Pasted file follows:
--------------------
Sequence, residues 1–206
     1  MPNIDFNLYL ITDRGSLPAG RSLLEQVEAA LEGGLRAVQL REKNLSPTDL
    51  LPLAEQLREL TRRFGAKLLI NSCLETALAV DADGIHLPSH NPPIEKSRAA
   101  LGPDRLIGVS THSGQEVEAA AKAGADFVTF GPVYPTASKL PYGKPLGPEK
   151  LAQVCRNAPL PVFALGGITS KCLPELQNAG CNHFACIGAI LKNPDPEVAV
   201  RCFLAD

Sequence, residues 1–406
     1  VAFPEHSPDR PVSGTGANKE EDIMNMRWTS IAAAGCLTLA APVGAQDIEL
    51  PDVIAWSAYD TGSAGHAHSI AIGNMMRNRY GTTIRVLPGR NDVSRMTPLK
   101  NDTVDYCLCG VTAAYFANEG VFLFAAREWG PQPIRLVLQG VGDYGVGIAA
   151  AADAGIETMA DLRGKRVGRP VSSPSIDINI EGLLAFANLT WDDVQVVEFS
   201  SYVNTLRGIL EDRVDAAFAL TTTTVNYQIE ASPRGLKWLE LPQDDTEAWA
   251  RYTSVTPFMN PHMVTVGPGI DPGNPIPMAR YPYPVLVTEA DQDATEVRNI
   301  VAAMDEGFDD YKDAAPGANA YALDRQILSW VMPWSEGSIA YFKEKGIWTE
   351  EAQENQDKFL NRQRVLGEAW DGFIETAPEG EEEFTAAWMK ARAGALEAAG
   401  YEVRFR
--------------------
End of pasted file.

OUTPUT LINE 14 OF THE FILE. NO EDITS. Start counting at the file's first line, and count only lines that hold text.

   301  VAAMDEGFDD YKDAAPGANA YALDRQILSW VMPWSEGSIA YFKEKGIWTE